Prosecutors have filed a felony charge against an aspiring YouTube celebrity over a prank video showing him harassing University of Florida students and faculty while posing as a campus security guard.
Tanner Austin Williams, 27, of Palm Coast, Florida, was charged this week in Alachua County Circuit Court with falsely impersonating an officer, a felony punishable by up to five years in prison and a $5,000 fine if he were convicted.
The case involves a 10-minute YouTube video – seen by nearly 80,000 people before Williams removed it Tuesday – that Williams and another man recorded on Florida’s campus last month.
Williams said in an interview the video was harmless and a criminal case would be a “huge waste of time.” He said he intended to continue posting prank videos. He had not been arrested or booked on the new felony charge when a reporter interviewed him.
When a startled student confronted by Williams tried to call the real campus police, Williams shouted an expletive at him: “I am the cops. I am the … law,” police said.
The incident highlights the risks for a generation of would-be digital influencers who engage in eye-popping activities and post recorded evidence of their behavior online to generate publicity and fame. In this case, police said the video Williams posted helped convince them there was enough evidence to pursue a felony criminal charge.
Williams said in an interview he was unaware that prosecutors had filed a felony charge against him and asked a reporter to send him the court records.
After the incident, campus police ordered Williams off university property and warned that he would be arrested if he showed up at the school again for the next three years – then two officers awkwardly posed for selfies with him, the video showed.
“We encourage our officers to seek positive engagement with our UF community,” Capt. Richard Taylor said. “When this picture was taken, our officers did not know the extent of Mr. Williams’ actions on campus prior to that. Mr. Williams was very cooperative. He was not confrontational during this incident.”
The video showed Williams wearing a black-and-yellow shirt emblazoned with the word “security,” a two-way radio attached to his shirt and a pair of handcuffs hanging at his waist. He approached students inside a science library and blew a whistle to attract their attention. Williams said he was looking for a drug suspect he identified as Rusty Shackleford – apparently a reference to a one-time character on the now-cancelled animated sitcom “King of the Hill.”
During the library encounter, Williams asked an unidentified student where he buys drugs. After leaving, he returned to announce Shackleford’s arrest. Williams put what appeared to be a marijuana cigarette to his lips, and lighted it before departing the building.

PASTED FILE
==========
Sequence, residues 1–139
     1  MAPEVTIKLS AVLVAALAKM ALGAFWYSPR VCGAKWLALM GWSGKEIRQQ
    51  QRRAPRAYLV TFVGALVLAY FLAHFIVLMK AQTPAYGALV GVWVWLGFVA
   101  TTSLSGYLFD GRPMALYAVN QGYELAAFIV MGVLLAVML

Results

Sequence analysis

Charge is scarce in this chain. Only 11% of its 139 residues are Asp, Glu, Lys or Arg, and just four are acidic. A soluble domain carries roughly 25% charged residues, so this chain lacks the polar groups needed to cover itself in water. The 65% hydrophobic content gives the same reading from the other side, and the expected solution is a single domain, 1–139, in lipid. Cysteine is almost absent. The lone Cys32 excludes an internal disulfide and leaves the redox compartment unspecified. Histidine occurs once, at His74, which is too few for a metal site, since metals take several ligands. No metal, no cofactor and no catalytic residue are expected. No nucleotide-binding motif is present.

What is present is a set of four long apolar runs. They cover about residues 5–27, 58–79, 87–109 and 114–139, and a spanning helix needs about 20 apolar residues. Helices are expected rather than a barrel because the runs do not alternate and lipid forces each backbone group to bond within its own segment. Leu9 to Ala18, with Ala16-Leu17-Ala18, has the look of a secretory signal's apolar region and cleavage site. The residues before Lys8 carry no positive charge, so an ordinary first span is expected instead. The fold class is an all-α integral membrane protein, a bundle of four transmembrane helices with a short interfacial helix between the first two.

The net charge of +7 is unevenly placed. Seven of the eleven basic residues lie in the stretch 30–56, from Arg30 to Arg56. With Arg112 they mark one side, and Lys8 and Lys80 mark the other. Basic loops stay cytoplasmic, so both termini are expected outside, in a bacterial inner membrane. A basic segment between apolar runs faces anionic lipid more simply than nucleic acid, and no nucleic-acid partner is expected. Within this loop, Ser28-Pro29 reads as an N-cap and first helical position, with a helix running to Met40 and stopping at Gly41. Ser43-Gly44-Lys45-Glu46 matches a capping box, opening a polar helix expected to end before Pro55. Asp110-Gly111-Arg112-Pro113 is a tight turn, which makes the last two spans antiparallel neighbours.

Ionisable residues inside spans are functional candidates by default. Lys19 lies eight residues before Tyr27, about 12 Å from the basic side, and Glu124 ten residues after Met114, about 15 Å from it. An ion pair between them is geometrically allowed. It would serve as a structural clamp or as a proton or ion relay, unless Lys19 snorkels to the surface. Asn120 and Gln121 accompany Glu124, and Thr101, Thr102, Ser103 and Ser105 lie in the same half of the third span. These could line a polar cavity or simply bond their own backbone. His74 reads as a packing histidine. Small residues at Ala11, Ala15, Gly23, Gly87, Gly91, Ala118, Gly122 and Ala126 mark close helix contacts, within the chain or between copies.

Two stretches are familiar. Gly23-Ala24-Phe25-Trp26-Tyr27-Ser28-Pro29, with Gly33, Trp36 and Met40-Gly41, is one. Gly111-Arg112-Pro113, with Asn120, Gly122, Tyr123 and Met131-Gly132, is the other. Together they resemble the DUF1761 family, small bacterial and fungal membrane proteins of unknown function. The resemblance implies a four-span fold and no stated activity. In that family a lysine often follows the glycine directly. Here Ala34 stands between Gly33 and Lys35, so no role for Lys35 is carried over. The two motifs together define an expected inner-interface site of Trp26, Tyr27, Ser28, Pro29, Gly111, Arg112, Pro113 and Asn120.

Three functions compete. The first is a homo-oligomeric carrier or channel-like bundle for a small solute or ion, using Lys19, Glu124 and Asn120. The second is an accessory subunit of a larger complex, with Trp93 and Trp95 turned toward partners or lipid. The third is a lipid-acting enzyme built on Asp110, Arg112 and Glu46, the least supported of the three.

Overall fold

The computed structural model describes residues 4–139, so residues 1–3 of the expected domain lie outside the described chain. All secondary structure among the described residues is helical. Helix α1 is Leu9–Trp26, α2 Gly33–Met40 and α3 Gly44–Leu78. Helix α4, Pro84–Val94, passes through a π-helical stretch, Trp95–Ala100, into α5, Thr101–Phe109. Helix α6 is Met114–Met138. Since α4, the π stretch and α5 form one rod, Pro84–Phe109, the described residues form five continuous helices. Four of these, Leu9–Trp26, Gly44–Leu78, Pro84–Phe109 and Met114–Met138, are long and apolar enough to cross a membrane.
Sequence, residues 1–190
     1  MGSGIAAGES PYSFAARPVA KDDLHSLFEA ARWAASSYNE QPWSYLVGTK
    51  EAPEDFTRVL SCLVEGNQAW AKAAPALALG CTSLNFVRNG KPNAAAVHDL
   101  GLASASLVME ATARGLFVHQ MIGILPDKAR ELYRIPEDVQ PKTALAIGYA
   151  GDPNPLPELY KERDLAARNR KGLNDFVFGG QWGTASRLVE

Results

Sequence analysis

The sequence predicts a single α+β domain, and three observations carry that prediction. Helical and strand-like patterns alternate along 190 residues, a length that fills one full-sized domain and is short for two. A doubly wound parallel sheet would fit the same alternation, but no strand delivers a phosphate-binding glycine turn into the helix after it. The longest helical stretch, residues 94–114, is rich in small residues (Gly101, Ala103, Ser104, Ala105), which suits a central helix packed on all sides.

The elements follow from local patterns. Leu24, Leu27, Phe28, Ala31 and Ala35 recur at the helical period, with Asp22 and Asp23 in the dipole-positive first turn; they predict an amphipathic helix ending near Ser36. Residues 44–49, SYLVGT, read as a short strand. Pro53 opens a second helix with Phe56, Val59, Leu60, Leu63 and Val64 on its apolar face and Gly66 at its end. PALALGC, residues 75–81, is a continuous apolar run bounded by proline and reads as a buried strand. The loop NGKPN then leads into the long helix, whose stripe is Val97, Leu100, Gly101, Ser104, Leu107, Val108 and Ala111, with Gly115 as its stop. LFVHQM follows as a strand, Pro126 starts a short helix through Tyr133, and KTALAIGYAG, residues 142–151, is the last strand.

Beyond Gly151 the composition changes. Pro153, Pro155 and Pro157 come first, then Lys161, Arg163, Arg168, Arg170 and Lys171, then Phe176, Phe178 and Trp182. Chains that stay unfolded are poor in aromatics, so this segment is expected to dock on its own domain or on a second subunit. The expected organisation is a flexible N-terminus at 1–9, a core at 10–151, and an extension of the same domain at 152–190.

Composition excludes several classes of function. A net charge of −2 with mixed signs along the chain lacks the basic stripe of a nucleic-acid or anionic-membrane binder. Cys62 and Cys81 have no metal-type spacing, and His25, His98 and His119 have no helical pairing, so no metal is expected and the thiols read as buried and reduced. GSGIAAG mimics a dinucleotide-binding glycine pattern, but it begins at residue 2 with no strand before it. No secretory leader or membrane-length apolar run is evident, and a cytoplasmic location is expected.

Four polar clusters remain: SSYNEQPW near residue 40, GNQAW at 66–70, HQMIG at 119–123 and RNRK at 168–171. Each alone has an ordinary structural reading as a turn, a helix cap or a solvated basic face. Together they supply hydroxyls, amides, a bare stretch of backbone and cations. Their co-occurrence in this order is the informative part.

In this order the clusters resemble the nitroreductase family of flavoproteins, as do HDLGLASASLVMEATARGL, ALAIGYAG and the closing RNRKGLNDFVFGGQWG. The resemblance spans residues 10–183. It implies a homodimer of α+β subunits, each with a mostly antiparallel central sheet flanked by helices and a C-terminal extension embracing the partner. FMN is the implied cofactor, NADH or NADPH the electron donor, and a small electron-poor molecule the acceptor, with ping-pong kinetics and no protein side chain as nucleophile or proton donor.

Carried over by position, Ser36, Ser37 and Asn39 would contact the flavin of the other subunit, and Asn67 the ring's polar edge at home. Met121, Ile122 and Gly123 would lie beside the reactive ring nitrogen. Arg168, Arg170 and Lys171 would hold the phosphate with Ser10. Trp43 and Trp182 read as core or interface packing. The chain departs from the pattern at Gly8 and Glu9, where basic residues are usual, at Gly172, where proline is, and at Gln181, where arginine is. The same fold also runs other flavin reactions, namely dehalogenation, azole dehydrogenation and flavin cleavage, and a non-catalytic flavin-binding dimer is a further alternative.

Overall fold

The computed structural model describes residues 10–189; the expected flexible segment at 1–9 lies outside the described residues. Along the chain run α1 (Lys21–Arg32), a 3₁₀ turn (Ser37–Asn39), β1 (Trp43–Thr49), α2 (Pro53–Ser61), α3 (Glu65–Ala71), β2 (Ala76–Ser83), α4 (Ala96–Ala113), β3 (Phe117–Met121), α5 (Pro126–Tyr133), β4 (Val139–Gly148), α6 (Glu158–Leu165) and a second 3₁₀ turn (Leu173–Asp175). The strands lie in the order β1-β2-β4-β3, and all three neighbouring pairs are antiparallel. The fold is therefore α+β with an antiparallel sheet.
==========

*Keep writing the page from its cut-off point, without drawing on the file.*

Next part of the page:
Part of Williams’ schtick is to lure unsuspecting marks into completing tasks or joining him to apprehend supposed criminals.
Also in the Florida video, Williams intercepted a man on a bicycle and ordered him to submit to a sobriety test. After completing a number of tasks, the frustrated man started to leave before Williams ordered him off school property.
Williams approached another student on a bench and told him “I need your help” and “You’re the only person who can save this campus.” The student fled and was chased by Williams before the student sought help in an anthropology department office.
The student told police he was in fear of Williams.
In the recorded encounter with university staff, Williams acknowledged being under the influence of drugs. When interviewed, Williams denied carrying any drugs with him during the prank.
Three officers were dispatched around 4:10 p.m. Officers located Williams 10 minutes later. A second call was in progress while Williams was detained.
Campus police said they smelled marijuana on Williams. They did not find any drugs when they searched him.
Williams’ encounter with actual police officers at the University of Florida appeared to help another school identify Williams and his cameraman as suspects in a similar stunt that occurred three weeks earlier.
On Oct. 9, Williams and his cohort, Sebastian Cepeda, 23, of Jacksonville, Florida, were arrested and charged in Duval County on misdemeanor charges of disrupting a school and breach of peace for interrupting classes at the University of North Florida. In the complaint, officers from the Jacksonville Sheriff’s Office said they were able to identify Williams and Cepeda thanks, in part, to the trespass order issued by UF.
Williams also faces a vandalism charge in Burbank, California, after knocking over baked goods while filming inside of a Walmart. In a video, published on YouTube on Aug. 30, Williams and his YouTube colleagues complained after that arrest that police had seized their video, preventing them from putting it online.
This story was produced by Fresh Take Florida, a news service of the University of Florida College of Journalism and Communications. The reporter can be reached at firstname.lastname@example.org